Family Law Rosemarie Boll

Family Law
Rosemarie Boll
Better than Judge Judy!
While the divorce rate in Canada has
fallen since the 1990s, about 40% of Canadian marriages end in divorce. Assuming
the rate of relationship breakdown is about
the same in common-law families, that’s
a lot of people who will be looking for
reliable legal advice. If you don’t have a
lawyer, where do you go for legal information?
Most people don’t read judgments or
law statutes, but they do listen to the news,
watch TV, and surf the Net. We live in an
information age, and the volume of information increases with every new website
and blogpost. Google the word “divorce”
and you’ll get over fifty million hits. Thousands of websites clamour for our attention
and it’s hard to know where to start – or
quit. Yet, despite this avalanche of information, family court judges tell us that
litigants still arrive at the courtroom doors
without any firm idea about their rights and
obligations, procedural requirements, rules
of evidence, or even the types of orders a
court can and cannot make.
This problem arises for a lot of reasons.
Family law varies greatly from jurisdiction
to jurisdiction. Every family is unique, and
even though one case may seem to be the
same as another, they are never identical.
Procedures vary enormously even between
cities in the same province. And some information out there is just plain wrong. Take,
for example, these quotations from bloggers
addressing that vexing question – when are
kids old enough to decide where they want
to live?
“Twelve in Manitoba why don’t know but
kids by that age know which is the crazy
“It’s 12 when they can decide which
parent they want to live with”
Lawyers call this “the myth of 12”. In
reality, a child never gets to decide where
she will live, not even at age 16.
Information is only as good as its source.
The three top sources for legal information
are judges, lawyers, and academics. Many
lawyers and academics have an online presence, but we rarely hear from the ones at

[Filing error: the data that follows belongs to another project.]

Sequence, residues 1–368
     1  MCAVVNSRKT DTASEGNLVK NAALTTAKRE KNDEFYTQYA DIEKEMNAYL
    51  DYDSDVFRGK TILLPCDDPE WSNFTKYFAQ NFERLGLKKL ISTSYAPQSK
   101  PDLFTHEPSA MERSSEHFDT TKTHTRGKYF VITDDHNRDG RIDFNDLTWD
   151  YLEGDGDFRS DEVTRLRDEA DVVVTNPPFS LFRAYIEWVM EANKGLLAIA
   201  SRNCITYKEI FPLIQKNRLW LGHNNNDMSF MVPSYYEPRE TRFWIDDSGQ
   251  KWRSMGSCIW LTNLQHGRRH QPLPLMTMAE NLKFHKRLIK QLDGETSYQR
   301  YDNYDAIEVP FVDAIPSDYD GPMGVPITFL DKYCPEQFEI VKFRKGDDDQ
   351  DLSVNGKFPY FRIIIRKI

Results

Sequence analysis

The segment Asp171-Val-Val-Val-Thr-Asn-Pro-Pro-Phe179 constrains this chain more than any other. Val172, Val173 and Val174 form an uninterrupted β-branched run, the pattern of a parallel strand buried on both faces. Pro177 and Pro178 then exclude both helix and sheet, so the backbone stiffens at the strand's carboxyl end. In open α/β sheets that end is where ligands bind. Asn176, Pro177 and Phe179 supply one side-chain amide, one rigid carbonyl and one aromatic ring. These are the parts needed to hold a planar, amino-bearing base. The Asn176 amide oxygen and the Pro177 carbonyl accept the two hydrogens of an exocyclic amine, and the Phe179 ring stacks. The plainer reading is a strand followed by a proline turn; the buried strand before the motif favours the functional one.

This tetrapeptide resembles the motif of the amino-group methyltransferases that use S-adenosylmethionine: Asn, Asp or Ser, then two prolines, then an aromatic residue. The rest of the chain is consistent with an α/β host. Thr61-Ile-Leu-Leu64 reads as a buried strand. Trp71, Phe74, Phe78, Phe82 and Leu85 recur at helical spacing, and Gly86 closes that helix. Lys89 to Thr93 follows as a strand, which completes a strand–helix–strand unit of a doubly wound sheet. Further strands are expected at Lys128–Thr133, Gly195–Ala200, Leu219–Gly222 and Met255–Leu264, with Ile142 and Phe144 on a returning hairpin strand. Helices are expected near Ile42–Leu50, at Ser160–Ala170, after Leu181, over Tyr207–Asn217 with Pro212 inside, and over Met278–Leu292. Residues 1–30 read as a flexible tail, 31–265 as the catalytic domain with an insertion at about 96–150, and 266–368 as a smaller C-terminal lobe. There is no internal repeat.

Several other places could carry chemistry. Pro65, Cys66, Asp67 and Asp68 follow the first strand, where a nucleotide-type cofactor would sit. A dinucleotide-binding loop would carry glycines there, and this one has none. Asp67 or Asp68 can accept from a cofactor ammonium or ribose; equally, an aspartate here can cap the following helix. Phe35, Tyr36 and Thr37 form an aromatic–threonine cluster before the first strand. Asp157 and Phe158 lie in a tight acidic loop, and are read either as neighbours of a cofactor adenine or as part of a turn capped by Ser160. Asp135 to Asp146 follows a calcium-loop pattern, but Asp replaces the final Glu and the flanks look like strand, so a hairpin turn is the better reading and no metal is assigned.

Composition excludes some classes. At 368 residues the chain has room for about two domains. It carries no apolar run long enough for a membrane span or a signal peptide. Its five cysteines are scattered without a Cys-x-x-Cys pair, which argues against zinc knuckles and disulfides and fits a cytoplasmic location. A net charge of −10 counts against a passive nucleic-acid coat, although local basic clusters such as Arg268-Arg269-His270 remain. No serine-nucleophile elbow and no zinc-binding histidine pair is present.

the top – the judges. Family court judges see
thousands of cases, and they are undeniably the best qualified to comment on the
realities of family law. Traditionally, judges
have shied away from the media and public
appearances. They do not speak about their
decisions; they let their judgments speak
for themselves. But one Canadian judge
has taken advantage of his unique position
and has moved off the bench and into the
media spotlight – meet Mr. Justice Harvey
Brownstone. A sitting Family Court judge
The top three sources for legal information are judges, lawyers and academics. Many
lawyers and academics have an online presence, but we rarely hear from the ones at
since 1995, Justice Brownstone has released
a bestselling book: Tug of War: a Judge’s
Verdict on Separation, Custody Battles, and
the Bitter Realities of Family Court, Toronto:
EWS Press 2009). Written for the general
public, the book informs parents about the
realities of family court, and it isn’t pretty:
“What we judges see in family court is
beyond belief and certainly more dramatic
and gut-wrenching than any television
show or movie.” Justice Brownstone tells
you why you don’t want to appear in front
of him (or any other judge) and recommends alternatives to litigation. He outlines
how and why to pick a lawyer, explains
concepts such as “the best interests of the
child” and “joint custody”, and summarizes
the tricky rules of evidence. He gives pointers on conducting successful litigation, and
the book ends with “Ten Tips for Success in
Resolving Parenting Disputes.”
In 2010, Justice Brownstone launched an
online TV show about family law issues –
Family Matters ( He
interviews guests from the legal community
on topics such as child support, collaborative law, mediation, and child protection.
Justice Brownstone also answers questions
from the public using social media such as
YouTube, Skype, email, and AdviceScene.
com’s Q&A. His talk show has branched
out into a discussion on the way the justice
system affects relationships: Internet dating,
addictions, prenuptial agreements, mental
health, adoption, surrogate parenting,
same-sex and multi-cultural relationships,
parenting after separation and divorce,
mediation, child neglect and abuse, and
child and spousal support. You can follow
him on Facebook and Twitter. He hopes to
expand into mainstream TV with documentaries, reality shows, and even live dispute
Better than Judge Judy!
Rosemarie Boll is Staff Counsel with the Family
Law Office of Legal Aid Alberta, in Edmonton,
Alberta, and the author of a young adult novel
about family law and domestic violence entitled
“The Second Trial,” published in 2010.
the top – the judges.
January/February 2011
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